The Demon and The Dulcimer (Revised)

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Raymond was looking to build something for the Republic specifically a “national gallery of statues and pictures” (pg 106). At once, I thought of Coleridge’s poem where, “In Xanadu Kubla Khan/A stately pleasure dome did decree” (lines 1-2). He wants to build England into a Xanadu or paradise. Similarly as the Abyssinian maid prompts the creator or Kubla Khan to exclaim, “with music loud and long/I will build that dome in air” (45-46), so Evadne gives a Raymond a drawing that him to a inspires and draws him to her.

From a close reading one can observe how Evadne shares similarities with the Abyssinian Maid. Evadne symbolizes the fallen yet proud Greece from which the apocalypse is released from the, “chasm, with ceaseless turmoil seething,/As if this earth in fast thick pants were breathing,/A mighty fountain momently was forced” (17-19). This is similar to her outburst, “this is the end of love!–Yet not the end!”–and frenzy lent her strength as she cast her arm up to heaven, there we meet again. Here we see her blast of apocalyptic vision coming from the abyss. However, it is interesting that this apocalypse leads to heaven. I believe heaven here is represented as the ideal society that Raymond was trying to create and the, “instruments of war, fire, the plague” (181). serve to bring it to fruition. Evadne and the Abyssinian Maid both seem to prophesize that only through the destruction can this ideal society or pleasure dome be constructed. We may see the complementary prophecy realized when Kubla Khan hears the Maid and realizes, “I would build that dome in air,/That sunny dome! those caves of ice!” (47-48). The dome is in air resembling the very heaven of which Evadne spoke.

All in all, I see Evadne as a mouthpiece for Mary Shelley’s apocalyptic vision of her own time. Lord Raymond represents the flawed Romantic ideals of the time that wish to create a paradise but fall so frustratingly short. Mary Shelley believes that these flawed ideals must be destroyed for the true paradise to come to pass. In, “The Last Man” she prophecies the death of Raymond who represents these ideals when she says, “fire, and war, and plague, unite for thy destruction — O my Raymond, there is no safety for thee!” (181)  It seems like since Evadne prophesized it she is saying only a woman can bring about this apocalypse, but I”m not entirely sure.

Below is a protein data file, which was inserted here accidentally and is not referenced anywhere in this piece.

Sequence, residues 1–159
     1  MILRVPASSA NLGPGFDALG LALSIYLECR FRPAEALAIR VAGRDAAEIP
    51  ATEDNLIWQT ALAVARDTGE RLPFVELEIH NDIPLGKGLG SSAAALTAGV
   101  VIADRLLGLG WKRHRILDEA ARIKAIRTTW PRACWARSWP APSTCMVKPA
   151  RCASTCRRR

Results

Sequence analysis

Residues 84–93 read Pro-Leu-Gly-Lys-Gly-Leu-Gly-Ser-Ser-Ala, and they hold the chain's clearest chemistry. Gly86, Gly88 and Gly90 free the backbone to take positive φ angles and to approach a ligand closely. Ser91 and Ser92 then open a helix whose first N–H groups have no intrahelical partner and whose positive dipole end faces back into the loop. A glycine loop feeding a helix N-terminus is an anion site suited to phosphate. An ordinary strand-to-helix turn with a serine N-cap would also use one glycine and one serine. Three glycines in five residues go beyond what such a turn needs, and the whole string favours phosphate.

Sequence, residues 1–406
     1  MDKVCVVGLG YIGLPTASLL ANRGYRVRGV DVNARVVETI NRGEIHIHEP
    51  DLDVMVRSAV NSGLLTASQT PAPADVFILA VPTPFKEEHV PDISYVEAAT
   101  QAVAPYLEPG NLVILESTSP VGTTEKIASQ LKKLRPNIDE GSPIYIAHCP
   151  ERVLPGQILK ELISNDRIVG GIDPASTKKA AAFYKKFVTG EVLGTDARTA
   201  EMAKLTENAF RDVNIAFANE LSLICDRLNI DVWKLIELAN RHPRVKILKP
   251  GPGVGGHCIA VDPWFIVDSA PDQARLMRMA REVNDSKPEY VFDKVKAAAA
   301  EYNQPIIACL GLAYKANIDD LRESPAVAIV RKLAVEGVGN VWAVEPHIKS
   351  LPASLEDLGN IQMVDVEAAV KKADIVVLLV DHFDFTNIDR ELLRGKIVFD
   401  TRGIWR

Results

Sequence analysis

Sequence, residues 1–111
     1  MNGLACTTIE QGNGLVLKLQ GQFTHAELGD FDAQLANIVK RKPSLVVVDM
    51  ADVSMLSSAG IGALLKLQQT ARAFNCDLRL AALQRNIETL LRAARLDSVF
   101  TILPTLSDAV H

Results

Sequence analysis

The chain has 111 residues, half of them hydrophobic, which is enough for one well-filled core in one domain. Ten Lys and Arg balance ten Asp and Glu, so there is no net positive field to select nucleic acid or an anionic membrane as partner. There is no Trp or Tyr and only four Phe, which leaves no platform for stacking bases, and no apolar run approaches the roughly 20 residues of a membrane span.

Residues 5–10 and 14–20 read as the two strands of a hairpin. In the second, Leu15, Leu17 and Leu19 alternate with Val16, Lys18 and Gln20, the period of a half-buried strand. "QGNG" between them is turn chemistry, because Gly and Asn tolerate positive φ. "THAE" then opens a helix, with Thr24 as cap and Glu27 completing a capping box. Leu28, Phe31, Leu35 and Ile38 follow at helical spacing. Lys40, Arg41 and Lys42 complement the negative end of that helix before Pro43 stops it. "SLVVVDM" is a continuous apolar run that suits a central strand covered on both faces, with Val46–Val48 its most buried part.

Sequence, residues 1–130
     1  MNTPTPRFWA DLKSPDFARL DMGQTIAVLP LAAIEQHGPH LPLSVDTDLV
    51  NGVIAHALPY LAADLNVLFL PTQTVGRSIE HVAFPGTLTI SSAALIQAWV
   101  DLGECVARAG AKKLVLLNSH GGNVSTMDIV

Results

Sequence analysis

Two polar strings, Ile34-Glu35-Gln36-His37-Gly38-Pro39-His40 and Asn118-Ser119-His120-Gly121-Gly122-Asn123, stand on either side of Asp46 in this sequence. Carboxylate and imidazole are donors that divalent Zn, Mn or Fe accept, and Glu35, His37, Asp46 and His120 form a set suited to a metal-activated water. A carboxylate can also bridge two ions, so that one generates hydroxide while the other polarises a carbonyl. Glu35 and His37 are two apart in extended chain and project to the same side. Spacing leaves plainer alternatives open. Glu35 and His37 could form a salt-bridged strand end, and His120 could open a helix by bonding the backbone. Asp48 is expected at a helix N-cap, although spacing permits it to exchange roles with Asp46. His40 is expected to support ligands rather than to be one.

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~ by bobcat101 on November 15, 2012.

One Response to “The Demon and The Dulcimer (Revised)”

  1. The comparison between Shelley’s “The Last Man” and Coleridge’s “Kubla Khan” is very revealing. Yes, Lord Raymond’s rebuilding of a pleasure dome–21st century republican England–is doomed to failure, but, then again, you could potentially argue the same about the Abyssinian maid’s vision, which prompts a lot of fear and uncertainty in the poet-speaker. Yes, maybe only a woman can create a perfect heaven on earth, and yet, ironically, the only surviving “woman” by the end of Shelley’s novel is the plague, personified as a “She.” Has the apocalypse really ushered in an ideal society? If so, then it is ironic that this perfected world of peace and love is also desolate and depopulated–a world not worth living in!

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